It all started with an advocacy alert from Women of Reform Judaism, an organization that represents more than 65,000 women in nearly 500 groups around the world. The alert begins: “On Yom Kippur the liturgy reads, ‘We have sinned against life by ignoring those who suffer in distant lands.’” So, the Sisterhood of Temple Israel in Croton-on-Hudson, New York, decided to put this advocacy alert into action.

About 100 women of different faiths, including the United Methodist Women of Asbury Church, also of Croton-on-Hudson, got together to learn about the various health issues women face around the world, such as complications during pregnancy and childbirth—the leading cause of death and disability for women in developing countries. In observance of what we learned, we helped assemble over 100 Birthing Kits for the United Methodist Committee on Relief (UMCOR). The birthing kit provides traditional birthing attendants with the basic tools they need to ensure a safe and healthy delivery.

Tina Pershing and Marilyn Bovone (wearing UMW stoles) join the assembly line to prepare birthing kits. 

We were also inspired by a talk sponsored by the Sisterhood about fistula. It was given by local OB/GYN (obstetrics and gynecology) doctors was followed by A Walk to Beautiful, a movie that portrays a powerful story of healing and hope for Ethiopian women who develop fistulas every year. Obstetric fistula is the most devastating and serious of all childbirth injuries. It happens because most mothers in poor countries give birth without any medical help. The condition occurs when a woman has an obstructed labor and lacks a skilled birth attendant. The obstruction may occur because her pelvis is too small, the baby is badly positioned, or its head is too big. Underlying causes include childbearing at too early an age, malnutrition, and others.

The following week we met at the Upper Westchester Muslim Society in Thornwood, NY, where we formed an assembly line to prepare and package UMCOR Birthing Kits. The contents of the kits were donated by local businesses, including Phelps Memorial Hospital, Home Depot, Stop & Shop, Sav-Mor Pharmacy, and Hampton Inn. To save the shipping costs, members of the Asbury congregation then delivered the kits to the New York Annual Conference.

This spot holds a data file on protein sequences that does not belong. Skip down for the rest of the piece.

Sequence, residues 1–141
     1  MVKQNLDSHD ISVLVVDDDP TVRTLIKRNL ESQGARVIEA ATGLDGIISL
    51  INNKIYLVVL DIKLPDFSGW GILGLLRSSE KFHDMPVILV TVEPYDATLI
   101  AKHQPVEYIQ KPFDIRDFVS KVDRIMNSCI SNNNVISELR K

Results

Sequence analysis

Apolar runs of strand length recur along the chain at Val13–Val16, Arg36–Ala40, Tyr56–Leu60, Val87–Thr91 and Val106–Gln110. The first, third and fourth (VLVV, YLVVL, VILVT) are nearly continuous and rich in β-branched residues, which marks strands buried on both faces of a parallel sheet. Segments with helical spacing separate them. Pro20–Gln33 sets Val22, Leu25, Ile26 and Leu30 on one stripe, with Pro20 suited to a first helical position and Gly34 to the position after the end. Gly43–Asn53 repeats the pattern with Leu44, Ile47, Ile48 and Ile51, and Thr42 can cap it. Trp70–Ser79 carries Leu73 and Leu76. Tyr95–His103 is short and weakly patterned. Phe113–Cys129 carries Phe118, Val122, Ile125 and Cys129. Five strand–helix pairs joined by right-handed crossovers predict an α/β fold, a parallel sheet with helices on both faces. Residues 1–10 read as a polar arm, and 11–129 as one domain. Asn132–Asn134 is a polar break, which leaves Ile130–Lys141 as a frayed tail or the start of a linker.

Photo: Cynthia McNeal Plater

I was honored to be among women from all walks of life, and see them come together in solidarity with their sisters around the globe, and to see the donations that poured in from local businesses. Together, I know we are making a difference in the lives of future expectant mothers.

*Plater is a member of the Asbury Church UMW and the Trainer and Desktop Support Technician for the Information Technology unit of Global Ministries.

Wednesday, July 18, 2012

Hotel Montana: What should have been...

Rick Santos, President and CEO of IMA World Health, and his colleagues Ann Varghese, IMA Senior Program officer, and Jim Gulley (right) with UMCOR have their photo taken on the balcony of the rebuilt Hotel Montana in Port au Prince, Haiti last week. Photo Courtesy: IMA World Health

By Rick Santos, IMA World Health
President and CEO

On Wednesday, June 21st, 2012 I sat with Jim Gulley from UMCOR and my IMA colleague Ann Varghese on the patio of the Hotel Montana in Port au Prince, Haiti, discussing our organizations’ health work. Two years, five months, and nine days ago—on January 12, 2010—we were supposed to sit on that very same patio and have a very similar conversation. It was nice to finally have this meeting, though three of our colleagues were missing—IMA’s Dr. Sarla Chand, who was in South Sudan doing other work, and Rev. Sam Dixon and Rev. Clint Rabb from the United Methodist Church, both of whom perished in the rubble of the Montana the last time we were supposed to meet. This time the evening was cool and clear, the view of Port au Prince spectacular, and the conversation about how to improve the health conditions of the people of Haiti, productive. This time, thankfully, the earth was still.

Rev. Samuel Dixon, Jr.
Ann, Jim and I were joined by Dr. Abdel Direny and Tom and Wendy Vencus, all three of whom were also in Haiti that fateful day that changed our lives forever. After the work conversation ended, we talked a lot about what happened when the earthquake struck. I think we retold stories we’ve probably told a hundred times before, and heard new details from Dr. Direny and the Vencuses that we had not heard before. We talked a lot about Sam and Clint and how much they meant to their families, to the Methodist Church, and to us. Jim reminded us that Sam had a wonderful sense of humor and of the jokes he told, even in the darkness and the rubble of the Montana.